Who made the decision to transfer the detainees? 

The transfer of the detainees resulted from an agreement between the PUK and local government in Kirkuk, which both the Iraqi President Barham Salh and Prime Minister Mustafa al-Kadhimi were aware of.


Kirkuk, Arab tribes protest against Kurdish parties' agreement to appoint a Kurd as Kirkuk's new governor, 2019. Photo: Karwan Salehi  

Mohammed Othman, head of the PUK headquarter in Kirkuk, in press conference on May 19, said that, after we were advised by the PUK co-leaders to revise the cases of those detained by the PUK during the war of Daesh (or the Islamic State), we decided to hand the detainees over to the federal government.”

“We will try to solve the problems that have emerged earlier and open a new page,” Othman added, “we will hand over the detainees to Kirkuk’s Operations Command. From now on (May 19) they will be responsible for the cases.”

Hadidi, who was involved in the transfer as the representative of the Iraqi president, said, “the proposal of al-Kadihimi’s cabinet mentions that the fate of all detainees and missing people have to be determined, not only in the Kurdistan Region, but across Iraq. This is part of his cabinet.”

“Kurdistan Democratic Party has also transferred tens of detainees to Kirkuk”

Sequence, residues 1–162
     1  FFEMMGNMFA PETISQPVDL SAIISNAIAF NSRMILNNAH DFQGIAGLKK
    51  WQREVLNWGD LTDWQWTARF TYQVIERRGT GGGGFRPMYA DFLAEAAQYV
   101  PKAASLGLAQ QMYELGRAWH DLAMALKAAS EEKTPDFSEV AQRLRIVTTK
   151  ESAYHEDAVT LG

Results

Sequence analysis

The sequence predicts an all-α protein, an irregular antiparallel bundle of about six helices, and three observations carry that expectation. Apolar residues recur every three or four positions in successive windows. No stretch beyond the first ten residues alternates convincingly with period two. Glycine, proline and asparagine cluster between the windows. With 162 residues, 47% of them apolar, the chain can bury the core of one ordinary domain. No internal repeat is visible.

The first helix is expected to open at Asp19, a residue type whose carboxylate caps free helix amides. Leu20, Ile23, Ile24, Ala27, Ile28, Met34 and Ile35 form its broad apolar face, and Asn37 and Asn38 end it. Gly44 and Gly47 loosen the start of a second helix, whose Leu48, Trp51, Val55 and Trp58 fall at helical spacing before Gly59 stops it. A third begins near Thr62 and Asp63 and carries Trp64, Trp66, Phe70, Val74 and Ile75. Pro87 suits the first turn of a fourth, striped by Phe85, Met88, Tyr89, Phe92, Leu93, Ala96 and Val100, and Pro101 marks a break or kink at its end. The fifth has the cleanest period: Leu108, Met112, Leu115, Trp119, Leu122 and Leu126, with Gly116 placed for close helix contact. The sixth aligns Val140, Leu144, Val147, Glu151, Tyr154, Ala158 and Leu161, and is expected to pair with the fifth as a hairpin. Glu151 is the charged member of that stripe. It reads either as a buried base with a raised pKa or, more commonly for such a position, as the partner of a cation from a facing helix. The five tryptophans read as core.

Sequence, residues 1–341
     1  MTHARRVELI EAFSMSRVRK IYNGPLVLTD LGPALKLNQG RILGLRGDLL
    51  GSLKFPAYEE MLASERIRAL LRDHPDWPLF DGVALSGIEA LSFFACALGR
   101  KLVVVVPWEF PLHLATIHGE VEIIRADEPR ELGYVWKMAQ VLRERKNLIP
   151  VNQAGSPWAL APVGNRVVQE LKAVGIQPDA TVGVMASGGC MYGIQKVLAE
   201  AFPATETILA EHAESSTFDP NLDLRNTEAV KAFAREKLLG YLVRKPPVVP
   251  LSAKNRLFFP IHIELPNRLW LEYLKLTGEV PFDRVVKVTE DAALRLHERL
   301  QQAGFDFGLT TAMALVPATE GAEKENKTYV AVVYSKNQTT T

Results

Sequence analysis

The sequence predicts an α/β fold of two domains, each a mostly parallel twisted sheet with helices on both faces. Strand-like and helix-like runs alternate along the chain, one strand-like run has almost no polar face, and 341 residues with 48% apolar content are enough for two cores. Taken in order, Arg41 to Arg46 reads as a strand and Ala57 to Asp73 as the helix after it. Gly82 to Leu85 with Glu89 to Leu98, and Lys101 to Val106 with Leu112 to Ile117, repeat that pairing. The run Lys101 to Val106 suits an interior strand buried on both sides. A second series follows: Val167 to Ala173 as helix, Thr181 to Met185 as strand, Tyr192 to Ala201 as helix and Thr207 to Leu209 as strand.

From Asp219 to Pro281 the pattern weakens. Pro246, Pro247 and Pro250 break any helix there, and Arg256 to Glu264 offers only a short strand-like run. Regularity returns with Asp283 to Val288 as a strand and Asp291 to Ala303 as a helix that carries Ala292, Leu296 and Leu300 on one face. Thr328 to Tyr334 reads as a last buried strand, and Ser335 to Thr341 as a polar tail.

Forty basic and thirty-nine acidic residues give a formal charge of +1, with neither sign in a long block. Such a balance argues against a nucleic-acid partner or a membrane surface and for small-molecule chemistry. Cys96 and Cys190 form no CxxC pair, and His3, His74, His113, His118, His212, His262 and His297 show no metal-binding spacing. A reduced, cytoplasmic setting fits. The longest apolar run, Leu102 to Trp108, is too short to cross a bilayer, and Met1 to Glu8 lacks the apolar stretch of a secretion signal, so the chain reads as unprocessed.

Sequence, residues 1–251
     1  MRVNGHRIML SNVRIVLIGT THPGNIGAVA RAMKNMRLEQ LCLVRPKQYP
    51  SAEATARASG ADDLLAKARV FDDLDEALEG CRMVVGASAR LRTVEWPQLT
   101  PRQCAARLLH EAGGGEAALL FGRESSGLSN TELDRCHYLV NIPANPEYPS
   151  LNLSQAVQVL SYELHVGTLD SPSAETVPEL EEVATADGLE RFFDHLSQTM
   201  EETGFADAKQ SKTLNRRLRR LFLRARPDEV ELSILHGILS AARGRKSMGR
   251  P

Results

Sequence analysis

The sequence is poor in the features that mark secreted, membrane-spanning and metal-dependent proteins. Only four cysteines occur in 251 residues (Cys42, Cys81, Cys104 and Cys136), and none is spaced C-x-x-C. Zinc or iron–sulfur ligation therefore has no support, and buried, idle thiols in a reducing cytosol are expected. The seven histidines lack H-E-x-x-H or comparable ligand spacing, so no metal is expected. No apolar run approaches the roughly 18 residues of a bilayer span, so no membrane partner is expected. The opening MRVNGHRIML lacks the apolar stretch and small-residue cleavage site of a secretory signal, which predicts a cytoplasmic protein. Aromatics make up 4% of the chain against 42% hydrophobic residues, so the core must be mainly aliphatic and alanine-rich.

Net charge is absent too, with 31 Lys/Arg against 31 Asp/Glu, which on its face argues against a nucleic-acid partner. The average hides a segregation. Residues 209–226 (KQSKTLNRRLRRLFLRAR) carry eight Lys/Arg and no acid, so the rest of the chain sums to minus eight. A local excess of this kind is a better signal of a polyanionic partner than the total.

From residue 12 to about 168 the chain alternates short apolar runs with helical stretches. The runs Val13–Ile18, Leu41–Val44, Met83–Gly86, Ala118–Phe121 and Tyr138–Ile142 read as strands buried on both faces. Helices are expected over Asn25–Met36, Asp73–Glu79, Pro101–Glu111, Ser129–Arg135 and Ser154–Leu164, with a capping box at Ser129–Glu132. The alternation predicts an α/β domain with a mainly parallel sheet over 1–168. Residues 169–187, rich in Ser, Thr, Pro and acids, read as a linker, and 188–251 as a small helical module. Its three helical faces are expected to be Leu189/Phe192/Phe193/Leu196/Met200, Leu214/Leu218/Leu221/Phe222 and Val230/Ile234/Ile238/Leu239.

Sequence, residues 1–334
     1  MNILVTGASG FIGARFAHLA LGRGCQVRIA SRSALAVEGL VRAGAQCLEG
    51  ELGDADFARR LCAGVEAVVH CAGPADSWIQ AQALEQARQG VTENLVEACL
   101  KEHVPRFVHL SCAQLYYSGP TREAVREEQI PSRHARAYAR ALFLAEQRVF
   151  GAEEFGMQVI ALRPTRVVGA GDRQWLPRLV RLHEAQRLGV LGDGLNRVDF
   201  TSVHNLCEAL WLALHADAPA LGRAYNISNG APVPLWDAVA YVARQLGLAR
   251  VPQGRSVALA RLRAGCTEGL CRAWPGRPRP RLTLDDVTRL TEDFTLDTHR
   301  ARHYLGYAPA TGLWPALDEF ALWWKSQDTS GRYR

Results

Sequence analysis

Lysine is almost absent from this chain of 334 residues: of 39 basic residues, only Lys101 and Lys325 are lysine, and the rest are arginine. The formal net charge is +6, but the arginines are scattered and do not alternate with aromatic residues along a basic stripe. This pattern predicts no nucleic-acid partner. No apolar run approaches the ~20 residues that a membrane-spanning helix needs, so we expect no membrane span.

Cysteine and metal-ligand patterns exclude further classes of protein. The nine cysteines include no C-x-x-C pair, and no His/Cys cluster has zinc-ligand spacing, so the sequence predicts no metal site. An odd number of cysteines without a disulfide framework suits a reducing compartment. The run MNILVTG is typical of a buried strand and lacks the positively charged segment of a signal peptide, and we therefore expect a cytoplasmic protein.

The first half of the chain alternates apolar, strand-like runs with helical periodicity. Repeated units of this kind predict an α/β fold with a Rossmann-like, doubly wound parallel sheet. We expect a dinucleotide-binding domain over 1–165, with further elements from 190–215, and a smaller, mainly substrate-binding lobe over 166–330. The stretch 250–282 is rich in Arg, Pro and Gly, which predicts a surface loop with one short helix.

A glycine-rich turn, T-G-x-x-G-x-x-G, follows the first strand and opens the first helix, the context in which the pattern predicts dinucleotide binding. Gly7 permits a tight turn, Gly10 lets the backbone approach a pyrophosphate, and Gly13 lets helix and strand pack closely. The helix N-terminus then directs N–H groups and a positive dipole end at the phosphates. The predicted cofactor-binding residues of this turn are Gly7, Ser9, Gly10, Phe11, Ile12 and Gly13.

The ministry of interior of the KRG, on May 21, issued a statement, saying that the ministry is not aware of the transfer of those people arrested on charges of terrorism.

In the meantime, the leadership council of the KDP in Kirkuk, in a statement, claimed they were unaware of the detainees held by the PUK and accused the party of having secret jails.

The KDP accuse the PUK of having secret jails, while the KDP is also accused of holding detainees. The KDP have held tens of Arab detainees and before October 16, 2017, it handed over 50 detainees to local government in Kirkuk, Hadidi revealed.

Kirkuk, a man shows a picture and documents of his missing son, August 2019. Photo: KirkukNow

Hadidi told KirkukNow that, “the step PUK took to return the detainees is courageous, we hope that the KDP will take the same step because it has held detainees. Before October 16, 2017, due to individual efforts, they (KDP) transferred 50 detainees to Kirkuk.”

Shamari called for the avoidance of the use of the detainees cases as a bargaining tool make political agreements on the positions of local administration. “They are human rights cases, we have persons who have been detained by the Kurdish parties for 17 years and their fates remain unknown.”

Also, Hadidi added that the resolving the cases are very important to the Iraqi government, which would strengthen cooperation and governance across Iraq.

The Arab parties in 2019 revealed names of a thousand missing people and accused the Asaysh forces of the PUK and KDP of detaining them. Since then, the Iraqi government, Hadidi said, “is in close contacts with the ministry of Peshmerga and interior of the KRG” to transfer them to Kirkuk.